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In a Single-Page Application the stylesheets will only be loaded once. But different parts of the application might still need a distinct look and feel. Here I will present a solution I used to load different CSS Frameworks when bootstrapping the application.
As an example we want to use three different CSS Frameworks: Bootstrap, Materialize and Pure. The simplest solution would be to load all of them in the header, link so:
In this example the last rule wins and will overwrite all the previous ones. This messes up the distinct look of each framework.
The idea is to remove all stylesheets on load and dynamically add the ones which are required. The following sample will demonstrates how it works.
To achieve this I used a service that is used in one of the route's resolve functions.
All the service needs to know is the name of the stylesheet and it's path. The service then will add a new link node to the
<head> of the DOM which represents the new stylesheet. This will immediately rerender the page using the new stylesheet.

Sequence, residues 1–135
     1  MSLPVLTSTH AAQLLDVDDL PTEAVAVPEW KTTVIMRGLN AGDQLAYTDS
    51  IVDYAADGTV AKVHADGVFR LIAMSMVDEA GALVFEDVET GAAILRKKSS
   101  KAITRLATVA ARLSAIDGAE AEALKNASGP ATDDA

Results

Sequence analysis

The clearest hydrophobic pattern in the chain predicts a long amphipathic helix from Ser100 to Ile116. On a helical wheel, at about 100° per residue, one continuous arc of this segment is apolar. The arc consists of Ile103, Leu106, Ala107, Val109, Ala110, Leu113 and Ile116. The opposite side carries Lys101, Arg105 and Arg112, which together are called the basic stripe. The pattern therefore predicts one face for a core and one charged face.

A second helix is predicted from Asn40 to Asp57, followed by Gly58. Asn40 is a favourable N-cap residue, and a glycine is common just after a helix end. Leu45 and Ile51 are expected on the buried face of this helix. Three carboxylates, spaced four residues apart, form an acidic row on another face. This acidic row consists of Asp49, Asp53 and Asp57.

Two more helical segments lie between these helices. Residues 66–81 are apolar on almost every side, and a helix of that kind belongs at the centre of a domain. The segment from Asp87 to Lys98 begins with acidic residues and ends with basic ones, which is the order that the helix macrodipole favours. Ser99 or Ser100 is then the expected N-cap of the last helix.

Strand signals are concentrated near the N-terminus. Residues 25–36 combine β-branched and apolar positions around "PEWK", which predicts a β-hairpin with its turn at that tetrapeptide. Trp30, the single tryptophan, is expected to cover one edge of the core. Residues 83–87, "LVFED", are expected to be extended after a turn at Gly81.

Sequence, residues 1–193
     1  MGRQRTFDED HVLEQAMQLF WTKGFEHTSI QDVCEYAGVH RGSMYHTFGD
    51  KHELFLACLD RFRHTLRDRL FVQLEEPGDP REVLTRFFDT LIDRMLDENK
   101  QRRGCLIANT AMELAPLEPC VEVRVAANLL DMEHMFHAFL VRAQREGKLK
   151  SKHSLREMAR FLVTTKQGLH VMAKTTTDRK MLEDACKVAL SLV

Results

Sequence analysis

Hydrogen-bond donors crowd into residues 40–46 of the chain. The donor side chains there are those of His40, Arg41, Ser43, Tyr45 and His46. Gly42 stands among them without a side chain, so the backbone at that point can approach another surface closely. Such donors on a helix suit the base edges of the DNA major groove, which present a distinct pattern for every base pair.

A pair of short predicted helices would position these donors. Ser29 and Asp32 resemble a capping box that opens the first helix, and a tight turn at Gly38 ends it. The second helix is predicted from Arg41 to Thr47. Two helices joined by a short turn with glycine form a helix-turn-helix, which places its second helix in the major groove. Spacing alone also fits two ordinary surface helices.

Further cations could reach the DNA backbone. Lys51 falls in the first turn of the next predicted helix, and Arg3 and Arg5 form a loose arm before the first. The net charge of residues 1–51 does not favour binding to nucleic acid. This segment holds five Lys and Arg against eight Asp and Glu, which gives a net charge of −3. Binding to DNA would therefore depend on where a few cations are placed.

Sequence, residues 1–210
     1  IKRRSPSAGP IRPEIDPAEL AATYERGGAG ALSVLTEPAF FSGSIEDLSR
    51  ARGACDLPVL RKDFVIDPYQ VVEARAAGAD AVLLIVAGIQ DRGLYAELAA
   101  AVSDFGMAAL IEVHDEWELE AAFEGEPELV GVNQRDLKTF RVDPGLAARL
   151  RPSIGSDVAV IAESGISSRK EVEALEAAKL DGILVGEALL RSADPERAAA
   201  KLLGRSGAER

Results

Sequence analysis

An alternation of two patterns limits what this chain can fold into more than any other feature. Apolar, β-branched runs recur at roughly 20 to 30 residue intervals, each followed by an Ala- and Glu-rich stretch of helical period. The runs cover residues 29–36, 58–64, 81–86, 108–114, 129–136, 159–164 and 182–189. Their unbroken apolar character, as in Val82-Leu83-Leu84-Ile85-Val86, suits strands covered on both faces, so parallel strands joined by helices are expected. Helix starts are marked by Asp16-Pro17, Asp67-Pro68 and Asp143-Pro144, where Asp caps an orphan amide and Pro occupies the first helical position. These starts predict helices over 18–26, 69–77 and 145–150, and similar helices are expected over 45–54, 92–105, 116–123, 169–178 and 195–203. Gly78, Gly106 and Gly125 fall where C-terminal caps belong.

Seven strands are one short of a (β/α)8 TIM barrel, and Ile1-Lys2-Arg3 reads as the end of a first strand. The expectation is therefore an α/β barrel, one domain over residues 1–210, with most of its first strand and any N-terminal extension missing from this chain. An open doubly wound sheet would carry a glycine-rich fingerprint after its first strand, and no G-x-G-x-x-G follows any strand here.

However, this does not solve the problem of using elements of different frameworks on the same page.
This can only be achieved by prefixing the stylesheets with a class and then wrapping the elements in the code with said class. To do this we will use prefix-css, which can be installed like so:
npm install -g prefix-css
After that one simple command is enough:
$ prefix-css .bootstrap bootstrap.min.css > bootstrap.prefixed.min.css
Prefixing integrated into the example above will look like this:
Keep in mind that a non-prefixed framework will affect the prefixed elements. To avoid that only use prefixed stylesheets, this can however make layouting very complicated.
The idea and some of the code is based on this post.
There also exists a more elaborate service called angular-css ready to be integrated into an application.
21. June 2015